Note: To protect the privacy of our members, e-mail addresses have been removed from the archived messages. As a result, some links may be broken.

Lesson Plans


Re: starting out

[ Thread ][ Subject ][ Author ][ Date ]
Maggie White (mwhite)
Tue, 26 Jan 1999 18:09:14 -0800


Betty Bowen wrote:
>
> it occurs to me that I don't know what I should bring, personally,
> materials-wise, to a classroom. How much (not asking for $ specifics,
> really) did youall purchase yourselves before you started?
> e? Also, did you stock up on "resource" materials, like the prints/ videos/
> books beforehand?

Betty,

You ought to see what's available in your classroom before you start stocking up. Once
you are hired, develop a mental plan of what you'd like to teach, then get into your new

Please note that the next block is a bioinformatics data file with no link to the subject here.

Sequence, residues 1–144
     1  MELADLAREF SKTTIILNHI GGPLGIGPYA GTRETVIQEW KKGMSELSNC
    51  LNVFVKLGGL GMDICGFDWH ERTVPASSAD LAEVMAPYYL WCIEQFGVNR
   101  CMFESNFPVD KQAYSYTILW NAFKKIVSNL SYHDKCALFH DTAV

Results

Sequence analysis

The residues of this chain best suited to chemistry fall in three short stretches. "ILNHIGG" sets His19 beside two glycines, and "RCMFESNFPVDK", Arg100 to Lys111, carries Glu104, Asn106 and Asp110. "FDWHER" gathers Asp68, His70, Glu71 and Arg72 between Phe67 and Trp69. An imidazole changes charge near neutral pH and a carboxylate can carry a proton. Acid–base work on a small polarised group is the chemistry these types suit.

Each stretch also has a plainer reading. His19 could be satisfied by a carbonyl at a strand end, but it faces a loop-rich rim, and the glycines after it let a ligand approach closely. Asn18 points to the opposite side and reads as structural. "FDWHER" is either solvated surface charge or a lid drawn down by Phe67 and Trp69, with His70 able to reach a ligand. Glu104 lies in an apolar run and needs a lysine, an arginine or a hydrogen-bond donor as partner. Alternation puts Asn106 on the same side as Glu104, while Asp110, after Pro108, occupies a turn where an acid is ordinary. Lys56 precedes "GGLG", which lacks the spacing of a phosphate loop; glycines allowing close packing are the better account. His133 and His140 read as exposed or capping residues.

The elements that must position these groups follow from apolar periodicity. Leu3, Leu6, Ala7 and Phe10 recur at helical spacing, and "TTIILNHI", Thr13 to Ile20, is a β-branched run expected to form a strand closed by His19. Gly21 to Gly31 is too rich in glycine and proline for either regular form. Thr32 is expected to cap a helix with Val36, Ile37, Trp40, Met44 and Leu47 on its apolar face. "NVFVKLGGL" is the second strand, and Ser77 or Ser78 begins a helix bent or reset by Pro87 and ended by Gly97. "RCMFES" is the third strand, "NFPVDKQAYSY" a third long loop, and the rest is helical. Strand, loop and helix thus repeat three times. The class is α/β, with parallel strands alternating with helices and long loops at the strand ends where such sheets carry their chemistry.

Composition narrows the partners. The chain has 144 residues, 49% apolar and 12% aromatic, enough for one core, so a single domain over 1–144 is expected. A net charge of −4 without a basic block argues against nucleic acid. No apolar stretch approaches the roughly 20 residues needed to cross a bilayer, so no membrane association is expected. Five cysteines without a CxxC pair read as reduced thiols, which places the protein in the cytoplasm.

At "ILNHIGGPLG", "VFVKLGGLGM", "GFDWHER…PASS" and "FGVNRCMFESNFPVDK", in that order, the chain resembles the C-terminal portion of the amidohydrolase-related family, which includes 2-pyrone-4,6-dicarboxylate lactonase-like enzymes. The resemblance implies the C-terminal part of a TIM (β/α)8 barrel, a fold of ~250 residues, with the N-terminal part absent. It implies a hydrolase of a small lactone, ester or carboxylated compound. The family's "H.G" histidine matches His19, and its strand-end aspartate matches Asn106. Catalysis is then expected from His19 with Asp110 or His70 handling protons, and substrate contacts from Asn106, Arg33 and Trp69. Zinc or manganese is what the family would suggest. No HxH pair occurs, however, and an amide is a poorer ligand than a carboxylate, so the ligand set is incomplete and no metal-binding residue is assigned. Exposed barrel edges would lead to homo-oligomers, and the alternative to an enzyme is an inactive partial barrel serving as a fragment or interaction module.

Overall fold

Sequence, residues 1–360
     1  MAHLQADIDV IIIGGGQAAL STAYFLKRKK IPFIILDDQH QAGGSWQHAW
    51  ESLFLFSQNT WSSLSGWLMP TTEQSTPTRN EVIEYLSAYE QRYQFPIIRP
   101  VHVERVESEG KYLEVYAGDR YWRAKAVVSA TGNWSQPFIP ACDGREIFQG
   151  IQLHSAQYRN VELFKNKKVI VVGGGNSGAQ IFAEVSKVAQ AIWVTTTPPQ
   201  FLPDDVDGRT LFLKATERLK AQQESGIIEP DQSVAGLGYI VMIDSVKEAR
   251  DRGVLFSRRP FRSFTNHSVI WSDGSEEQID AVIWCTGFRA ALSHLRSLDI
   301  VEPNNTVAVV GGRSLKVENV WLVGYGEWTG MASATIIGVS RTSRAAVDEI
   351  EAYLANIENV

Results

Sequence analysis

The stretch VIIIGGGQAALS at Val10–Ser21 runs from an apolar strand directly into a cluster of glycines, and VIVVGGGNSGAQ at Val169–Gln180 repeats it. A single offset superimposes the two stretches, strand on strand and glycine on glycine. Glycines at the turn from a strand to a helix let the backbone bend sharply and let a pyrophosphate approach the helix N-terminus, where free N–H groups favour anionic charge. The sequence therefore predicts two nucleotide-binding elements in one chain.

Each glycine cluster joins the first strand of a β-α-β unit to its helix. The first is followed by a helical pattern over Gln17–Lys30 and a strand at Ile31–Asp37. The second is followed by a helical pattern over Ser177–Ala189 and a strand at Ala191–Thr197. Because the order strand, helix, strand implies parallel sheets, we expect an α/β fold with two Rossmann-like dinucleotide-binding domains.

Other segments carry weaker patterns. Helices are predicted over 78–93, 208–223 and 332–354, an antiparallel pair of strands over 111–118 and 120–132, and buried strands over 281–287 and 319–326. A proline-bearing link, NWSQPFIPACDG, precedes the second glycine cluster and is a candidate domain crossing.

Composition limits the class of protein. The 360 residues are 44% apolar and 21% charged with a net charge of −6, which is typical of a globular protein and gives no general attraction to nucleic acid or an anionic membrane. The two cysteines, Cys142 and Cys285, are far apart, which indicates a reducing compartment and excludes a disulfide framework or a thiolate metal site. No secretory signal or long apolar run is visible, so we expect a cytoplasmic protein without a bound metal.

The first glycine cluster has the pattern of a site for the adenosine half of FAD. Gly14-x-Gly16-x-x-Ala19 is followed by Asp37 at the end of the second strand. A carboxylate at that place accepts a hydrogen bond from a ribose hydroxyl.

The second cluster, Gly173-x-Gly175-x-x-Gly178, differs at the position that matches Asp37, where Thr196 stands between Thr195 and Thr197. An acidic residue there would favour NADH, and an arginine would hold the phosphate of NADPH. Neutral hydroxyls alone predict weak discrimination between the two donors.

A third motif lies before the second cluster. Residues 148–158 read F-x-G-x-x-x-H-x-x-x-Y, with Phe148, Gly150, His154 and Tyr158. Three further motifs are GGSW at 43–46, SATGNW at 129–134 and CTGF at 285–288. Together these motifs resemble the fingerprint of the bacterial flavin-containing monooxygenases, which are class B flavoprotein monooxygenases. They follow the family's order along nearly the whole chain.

room and see what's there. Obviously, if there's no kiln or place to store clay,
ceramics is out for a while.

The one thing I've spent a _lot_ of money on is slides. At the NAEA conference, the
Universal Color Slide Co. has a booth where they sell slides for $2 each, as opposed to
$2.50 from their catalog. If you know you're going, you can e-mail them a few weeks
ahead of time and tell them what slides you'd like to purchase; they will put together a
set for you.

I much prefer slides to videos as the image quality is superior and much larger, and
their use is much more flexible: you can show a single image or a whole series, and
spend time discussing them. Of course, a slide projector and screen are necessary!
Make sure you or the AV dept. provides you with a spare bulb to keep on hand.

Also, a friend who had purchased dozens of slides in Italy and Greece donated them to my
art room, and I gave her a receipt for tax credit. They've been wonderful for filling
in gaps in my collection. Put the word out to people you know who travel and see if
they'd be willing to do the same.

Hope this helps. Best wishes to you in your search for a job.

Maggie